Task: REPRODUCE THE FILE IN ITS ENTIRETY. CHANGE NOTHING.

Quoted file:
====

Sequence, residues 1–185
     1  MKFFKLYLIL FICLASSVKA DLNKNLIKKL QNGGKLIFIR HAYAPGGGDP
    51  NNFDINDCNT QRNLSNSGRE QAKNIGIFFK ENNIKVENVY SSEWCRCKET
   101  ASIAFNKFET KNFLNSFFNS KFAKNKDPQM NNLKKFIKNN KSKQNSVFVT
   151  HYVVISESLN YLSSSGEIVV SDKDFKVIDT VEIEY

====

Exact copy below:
Sequence, residues 1–185
     1  MKFFKLYLIL FICLASSVKA DLNKNLIKKL QNGGKLIFIR HAYAPGGGDP
    51  NNFDINDCNT QRNLSNSGRE QAKNIGIFFK ENNIKVENVY SSEWCRCKET
   101  ASIAFNKFET KNFLNSFFNS KFAKNKDPQM NNLKKFIKNN KSKQNSVFVT
   151  HYVVISESLN YLSSSGEIVV SDKDFKVIDT VEIEY